Women in Iraq

Women in Iraq: Past Meets Present

Noga Efrati
Copyright Date: 2012
Pages: 256
https://www.jstor.org/stable/10.7312/efra15814
  • Cite this Item
  • Book Info
    Women in Iraq
    Book Description:

    Noga Efrati outlines the first social and political history of women in Iraq during the periods of British occupation and the British-backed Hashimite monarchy (1917--1958). She traces the harsh and long-lasting implications of British state building on Iraqi women, particularly their legal and political enshrinement as second-class citizens, and the struggle by women's rights activists to counter this precedent. Efrati concludes with a discussion of post-Saddam Iraq and the women's associations now claiming their place in government. Finding common threads between these two generations of women, Efrati underscores the organic roots of the current fight for gender equality shaped by a memory of oppression under the monarchy.

    Efrati revisits the British strategy of efficient rule, largely adopted by the Iraqi government they erected and the consequent gender policy that emerged. The attempt to control Iraq through "authentic leaders" -- giving them legal and political powers -- marginalized the interests of women and virtually sacrificed their well-being altogether. Iraqi women refused to resign themselves to this fate. From the state's early days, they drew attention to the biases of the Tribal Criminal and Civil Disputes Regulation (TCCDR) and the absence of state intervention in matters of personal status and resisted women's disenfranchisement. Following the coup of 1958, their criticism helped precipitate the dissolution of the TCCDR and the ratification of the Personal Status Law. A new government gender discourse shaped by these past battles arose, yet the U.S.-led invasion of 2003, rather than helping cement women's rights into law, reinstated the British approach. Pressured to secure order and reestablish a pro-Western Iraq, the Americans increasingly turned to the country's "authentic leaders" to maintain control while continuing to marginalize women. Efrati considers Iraqi women's efforts to preserve the progress they have made, utterly defeating the notion that they have been passive witnesses to history.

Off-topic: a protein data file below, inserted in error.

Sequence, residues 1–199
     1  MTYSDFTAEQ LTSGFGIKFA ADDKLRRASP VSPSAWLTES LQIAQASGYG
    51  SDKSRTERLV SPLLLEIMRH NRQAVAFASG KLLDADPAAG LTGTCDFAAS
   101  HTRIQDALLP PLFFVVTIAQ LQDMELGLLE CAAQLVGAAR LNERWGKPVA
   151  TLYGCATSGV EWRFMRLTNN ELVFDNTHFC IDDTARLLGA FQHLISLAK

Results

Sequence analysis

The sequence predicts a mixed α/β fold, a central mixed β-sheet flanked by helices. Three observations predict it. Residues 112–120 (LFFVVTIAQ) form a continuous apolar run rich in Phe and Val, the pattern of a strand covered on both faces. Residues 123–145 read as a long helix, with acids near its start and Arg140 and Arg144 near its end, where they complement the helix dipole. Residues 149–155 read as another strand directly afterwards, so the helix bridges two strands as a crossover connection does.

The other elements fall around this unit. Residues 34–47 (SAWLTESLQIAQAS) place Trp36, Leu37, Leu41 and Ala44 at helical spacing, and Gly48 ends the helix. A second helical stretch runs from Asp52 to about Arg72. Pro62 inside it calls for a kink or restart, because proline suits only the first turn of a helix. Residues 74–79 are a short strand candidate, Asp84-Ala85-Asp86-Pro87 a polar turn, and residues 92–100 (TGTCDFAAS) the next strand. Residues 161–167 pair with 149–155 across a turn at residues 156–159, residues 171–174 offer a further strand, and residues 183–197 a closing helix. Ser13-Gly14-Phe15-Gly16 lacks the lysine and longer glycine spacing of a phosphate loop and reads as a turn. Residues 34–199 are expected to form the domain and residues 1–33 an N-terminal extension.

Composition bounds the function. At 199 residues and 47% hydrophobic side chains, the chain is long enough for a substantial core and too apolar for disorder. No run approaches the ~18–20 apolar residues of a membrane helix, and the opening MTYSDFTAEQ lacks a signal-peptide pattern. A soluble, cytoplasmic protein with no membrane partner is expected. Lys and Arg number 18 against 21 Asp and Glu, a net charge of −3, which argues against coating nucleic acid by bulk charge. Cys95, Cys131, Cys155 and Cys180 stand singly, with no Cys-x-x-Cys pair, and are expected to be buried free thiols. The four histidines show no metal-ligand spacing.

eISBN: 978-0-231-53024-8
    Subjects: History, Anthropology, Sociology

Table of Contents

  1. Front Matter
    (pp. i-vi)
  2. Table of Contents
    (pp. vii-viii)
  3. PREFACE
    (pp. ix-xvi)
  4. ACKNOWLEDGMENTS
    (pp. xvii-xx)
  5. INTRODUCTION THE HISTORICAL SETTING
    (pp. 1-19)

    A brief review of Iraq’s development, its regimes, and modes of governance and an outline of the political and socioeconomic realities that emerged from the time the British took over from the Ottoman rulers until a military coup overthrew the Hashemite government in 1958 is essential to understand the context in which the old “new” state of Iraq constructed women as second-class citizens.

    Under the Ottoman Empire, the area that now forms the state of Iraq was divided into three provinces,¹ Basra, Baghdad, and Mosul. The Ottomans, who governed these provinces from the sixteenth century, left a legacy that would...

  6. 1 OCCUPATION, MONARCHY, AND CUSTOMARY LAW: TRIBALIZING WOMEN
    (pp. 20-50)

    Customary law, or “tribal custom” as British officials often called it, was a central component of the government gender discourse in Iraq. It became an integral part of this discourse through the Tribal Criminal and Civil Disputes Regulation. Introduced by British occupying forces during World War I and remaining in force until the overthrow of the monarchy, the TCCDR sanctioned settlement of disputes among the rural population in accordance with “tribal methods” and “tribal law.” Much has been written about the TCCDR, the way it eased British control over Iraq, and how it reflected the British occupiers’ perception of the...